Quote
One of the nice things about having multiple income streams is the ability to refuse work that does not interest me or that I do not have confidence in.  Basically I adopted a philosophy of "It ain't fun, I ain't doing it!" or to quote an acquaintance "Life is too short to struggle needlessly."
Well I would say lucky man, but it's quite clear you have worked your way upto this result so instead I'll say I envy your position  :)

The saw is looking good enough from here, I'm 4ft from the monitor  ;)



Keep us up to date,


Ralph.
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Offline Rog02

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Re: 1949 Delta/Milwaukee 14" Band Saw
« Reply #11 on: September 25, 2008, 08:35:00 PM »
In today's installment of "As The Nut Turns":

I mentioned using a vibratory and walnut hull to clean hardware in an earlier post.  I have a couple of small vibratory cleaners (commonly used to clean ammunition brass before reloading) that I picked up at an estate sale for a couple of dollars each.  One is filled with "plastic media" and the other one is filled with walnut hull.  I use these for cleaning small carburetor parts and other small trim parts around the shop.  The abrasive media is available from Harbor Freight.  "Plastic Media" is small pyramids of some type of resin with a fine abrasive mixed in that is used for corrosion and to de-burr parts.  You need to use water with the plastic media similar to wet sanding.  The walnut hull cleans and polishes surface patina. Walnut hull needs to be kept dry.

For those in the UK you might look around some lapidary supply places for the small vibrators.  The rolling tumbler polishers will work as well but I have heard from some silversmiths that extremely delicate parts can be damaged if too little abrasive is used.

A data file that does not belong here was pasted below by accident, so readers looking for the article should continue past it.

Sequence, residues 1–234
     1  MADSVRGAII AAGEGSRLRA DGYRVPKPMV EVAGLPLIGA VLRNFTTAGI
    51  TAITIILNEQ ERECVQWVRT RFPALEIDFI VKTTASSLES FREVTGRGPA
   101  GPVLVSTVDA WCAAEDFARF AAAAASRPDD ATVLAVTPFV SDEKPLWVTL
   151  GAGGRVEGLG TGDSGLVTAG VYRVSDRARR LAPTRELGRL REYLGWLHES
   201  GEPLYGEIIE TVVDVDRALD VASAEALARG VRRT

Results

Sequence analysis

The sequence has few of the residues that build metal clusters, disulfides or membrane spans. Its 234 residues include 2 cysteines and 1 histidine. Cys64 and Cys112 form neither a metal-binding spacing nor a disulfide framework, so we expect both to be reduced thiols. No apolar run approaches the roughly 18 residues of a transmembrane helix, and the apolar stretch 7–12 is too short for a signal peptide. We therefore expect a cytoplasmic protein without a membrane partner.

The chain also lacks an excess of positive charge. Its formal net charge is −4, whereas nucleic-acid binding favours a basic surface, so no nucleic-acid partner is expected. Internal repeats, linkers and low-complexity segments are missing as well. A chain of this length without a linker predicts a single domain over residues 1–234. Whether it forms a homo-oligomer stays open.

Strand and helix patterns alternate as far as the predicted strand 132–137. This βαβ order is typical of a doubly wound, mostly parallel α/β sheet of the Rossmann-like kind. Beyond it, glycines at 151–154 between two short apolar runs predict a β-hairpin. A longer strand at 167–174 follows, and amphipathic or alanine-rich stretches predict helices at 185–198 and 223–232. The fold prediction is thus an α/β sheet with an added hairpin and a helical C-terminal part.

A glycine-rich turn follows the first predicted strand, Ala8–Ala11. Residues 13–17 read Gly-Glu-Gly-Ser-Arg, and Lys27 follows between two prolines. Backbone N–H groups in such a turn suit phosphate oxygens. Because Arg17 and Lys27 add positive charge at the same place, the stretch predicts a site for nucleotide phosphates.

Before and after examples of parts cleaned in the vibrator.




These small parts are the table trunnion castings and the blade tension adjuster.  The parts are die cast Zamack (a zinc/aluminum alloy) and the original paint was peeling off  due to the lack of surface prep.  I simply wire brushed the old paint off, masked off any moving surfaces and degree scale then prepped with an ultra fine Scotch Brite pad (gray pad). 


Here is a trick!  I keep a package of bamboo skewers around the shop to use as painting and hand polishing sticks.  The idea is to tape one to the part and use it to handle the part while airbrushing then sticking the skewer in a bucket of sand to let the paint dry.  For parts that have no masking to tape to, I wrap several turns of masking tape around the skewer and then thread it into a bolt hole.  I find that by taping small parts to the skewers I have better control than by hanging them up and having them blow around.  I hate trying to paint moving targets. 


In case you are wondering why the silver paint in the photo, it is the under coat of a two coat urethane process.  The top coat is a tinted clear that will flash off leaving a silver gray finish that should wear well.
Roger
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Offline Rog02

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Re: 1949 Delta/Milwaukee 14" Band Saw
« Reply #12 on: September 29, 2008, 11:00:19 AM »
In this episode of "As The Nut Turns"

This past weekend was the NASCAR race at Kansas so I did not get to spend any time working on the band saw.  I was pretty much occupied Thursday through Sunday morning with customers and suppliers that were in town for the race.  The food was good, but after Saturdays race I was ready to get back to the shop.  I went to a hospitality event Sunday morning and then came home and watched Sundays race on TV. 
Next weekend promises to be busy as well, as a large machine shop is auctioning off their inventory and the "Muscle Car Reunion" is at the old KCIR Dragway.

The table trunnions, blade tension/tracking adjuster, and blade guide assemblies, refinished and ready to be re-installed.